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Collection

An image of Untitled by Eubena Nampitjin

Eubena Nampitjin

(Australia circa 1925 – May 2013)

Language group
Wangkujunga, Western Desert region
Title
Untitled
Place of origin
Balgo HillsEast KimberleyWestern AustraliaAustralia
Year
1999
Media category
Print
Materials used
etching, yellow/orange ink on cream wove Hahnemühle paper
Edition
1st State III/V
Dimensions

32.4 x 49.3 cm platemark; 54.2 x 65.2 cm sheet

Signature & date
Signed l.r. beneath platemark, pencil "[artist's mark]". Not dated.
Credit
Mollie Gowing Acquisition Fund for Contemporary Aboriginal Art 2000
Accession number
518.2000
Copyright
© Eubena Nampitjin. Licensed by Viscopy, Sydney
Location
Not on display
Further information

Eubena is the best known of Warlayirti Artists' many painters. She is one of the most esteemed law women in the community, being consulted and deferred to on all questions of law. Moogaga, Eubena's mother, taught her 'maparn' (healing) skills before she passed away, when Eubena was just a young girl. The family travelled and hunted, performing ceremonies and law for the upkeep of their country and their own spiritual preservation. Nomadic life was harsh and most of her extended family had passed away or moved to other parts of the country. Eubena talks of many 'sorry' times.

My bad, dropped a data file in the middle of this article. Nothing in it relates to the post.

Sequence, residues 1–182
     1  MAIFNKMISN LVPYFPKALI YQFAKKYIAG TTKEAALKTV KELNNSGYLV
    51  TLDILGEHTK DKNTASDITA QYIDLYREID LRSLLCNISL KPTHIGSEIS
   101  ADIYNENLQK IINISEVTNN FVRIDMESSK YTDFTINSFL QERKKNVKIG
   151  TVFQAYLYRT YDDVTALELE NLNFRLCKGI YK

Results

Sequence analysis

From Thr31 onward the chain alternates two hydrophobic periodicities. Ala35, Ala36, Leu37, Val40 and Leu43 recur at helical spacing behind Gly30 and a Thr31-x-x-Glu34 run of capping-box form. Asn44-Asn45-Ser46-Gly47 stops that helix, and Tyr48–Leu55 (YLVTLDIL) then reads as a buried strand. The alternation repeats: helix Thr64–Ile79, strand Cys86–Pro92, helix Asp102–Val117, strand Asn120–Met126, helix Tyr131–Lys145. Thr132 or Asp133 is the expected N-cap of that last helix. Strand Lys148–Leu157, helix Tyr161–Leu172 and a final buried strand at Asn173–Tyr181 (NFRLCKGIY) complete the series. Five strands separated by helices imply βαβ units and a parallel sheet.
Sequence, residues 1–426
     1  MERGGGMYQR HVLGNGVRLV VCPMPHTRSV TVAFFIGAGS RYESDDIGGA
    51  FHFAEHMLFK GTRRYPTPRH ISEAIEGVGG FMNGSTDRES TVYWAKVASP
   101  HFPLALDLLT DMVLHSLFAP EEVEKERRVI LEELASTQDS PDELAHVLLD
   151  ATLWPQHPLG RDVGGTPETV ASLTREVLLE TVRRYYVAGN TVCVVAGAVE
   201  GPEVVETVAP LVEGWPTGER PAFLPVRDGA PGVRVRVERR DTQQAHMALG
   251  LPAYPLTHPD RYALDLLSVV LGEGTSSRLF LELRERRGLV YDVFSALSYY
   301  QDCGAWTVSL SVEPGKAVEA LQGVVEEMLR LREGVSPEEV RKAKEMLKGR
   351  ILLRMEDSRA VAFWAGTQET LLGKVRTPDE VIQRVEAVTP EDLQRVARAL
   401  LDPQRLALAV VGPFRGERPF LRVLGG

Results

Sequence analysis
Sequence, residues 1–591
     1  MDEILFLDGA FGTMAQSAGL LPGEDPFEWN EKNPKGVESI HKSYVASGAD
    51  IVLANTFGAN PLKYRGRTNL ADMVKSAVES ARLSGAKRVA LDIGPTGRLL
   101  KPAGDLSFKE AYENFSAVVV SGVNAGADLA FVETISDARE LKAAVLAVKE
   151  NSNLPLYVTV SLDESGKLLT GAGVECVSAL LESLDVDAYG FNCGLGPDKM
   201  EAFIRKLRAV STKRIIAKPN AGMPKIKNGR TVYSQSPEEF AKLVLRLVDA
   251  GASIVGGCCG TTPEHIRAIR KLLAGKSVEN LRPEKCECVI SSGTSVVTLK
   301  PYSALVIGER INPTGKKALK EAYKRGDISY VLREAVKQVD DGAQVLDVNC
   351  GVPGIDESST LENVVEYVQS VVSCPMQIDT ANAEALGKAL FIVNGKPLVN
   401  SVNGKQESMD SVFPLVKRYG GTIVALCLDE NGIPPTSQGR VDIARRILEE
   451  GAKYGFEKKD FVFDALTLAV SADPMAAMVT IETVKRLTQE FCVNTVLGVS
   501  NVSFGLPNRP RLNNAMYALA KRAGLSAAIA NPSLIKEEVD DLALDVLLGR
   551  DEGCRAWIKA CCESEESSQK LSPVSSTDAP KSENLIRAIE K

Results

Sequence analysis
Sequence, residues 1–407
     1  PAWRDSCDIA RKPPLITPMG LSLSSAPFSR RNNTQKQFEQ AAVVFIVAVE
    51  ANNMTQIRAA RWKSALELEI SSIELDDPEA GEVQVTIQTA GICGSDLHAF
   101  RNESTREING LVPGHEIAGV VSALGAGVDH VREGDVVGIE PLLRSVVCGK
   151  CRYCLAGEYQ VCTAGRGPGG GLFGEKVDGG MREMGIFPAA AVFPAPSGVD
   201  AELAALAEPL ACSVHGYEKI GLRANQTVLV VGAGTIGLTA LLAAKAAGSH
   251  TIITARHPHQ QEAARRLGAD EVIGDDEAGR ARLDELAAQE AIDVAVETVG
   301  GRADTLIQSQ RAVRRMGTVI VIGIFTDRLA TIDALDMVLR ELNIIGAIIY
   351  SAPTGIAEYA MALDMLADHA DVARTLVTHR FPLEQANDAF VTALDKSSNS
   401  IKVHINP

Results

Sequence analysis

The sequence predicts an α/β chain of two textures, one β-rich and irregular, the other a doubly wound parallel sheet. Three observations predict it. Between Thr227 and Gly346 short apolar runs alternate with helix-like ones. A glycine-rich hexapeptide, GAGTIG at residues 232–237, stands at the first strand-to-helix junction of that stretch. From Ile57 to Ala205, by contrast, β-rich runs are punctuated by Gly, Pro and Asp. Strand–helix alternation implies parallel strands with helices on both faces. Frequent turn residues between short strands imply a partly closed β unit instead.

Eubena started painting with her second husband, Wimmitji in the mid 1980's. Their work shared a luminous and intricate complexity along with a love of the warm reds, oranges and yellows that continues to be Eubena's signature today. Eubena's reputation grew, as one half of the famous painting duo at Balgo, but also as a solo artist in her own right. Eubena has a spontaneity and strength of brush mark that carves the paint, leaving rhythmical tracks across the canvas.

During the printmaking workshop at Northern Editions, Northern Territory University in 1999, Eubena, together with Tjumpo Tjapanangka, Sam Tjampitjin, Billy Thomas, Helicopter and Lucy Yukenbarri all made etchings and screenprints, while most of the artists also painted on ceramic bowl forms, under the supervision of Rose and Angus Camerson. Eubena and Lucy's silkscreens were painted while they were in Darwin, so they were able to see the printing process and react to each colour as it was put down. Proofs of each of the etchings were also made during the workshop for the artists' approval.

Excerpts from 'Land Mark: Mirror Mark', NTU, Darwin, 1999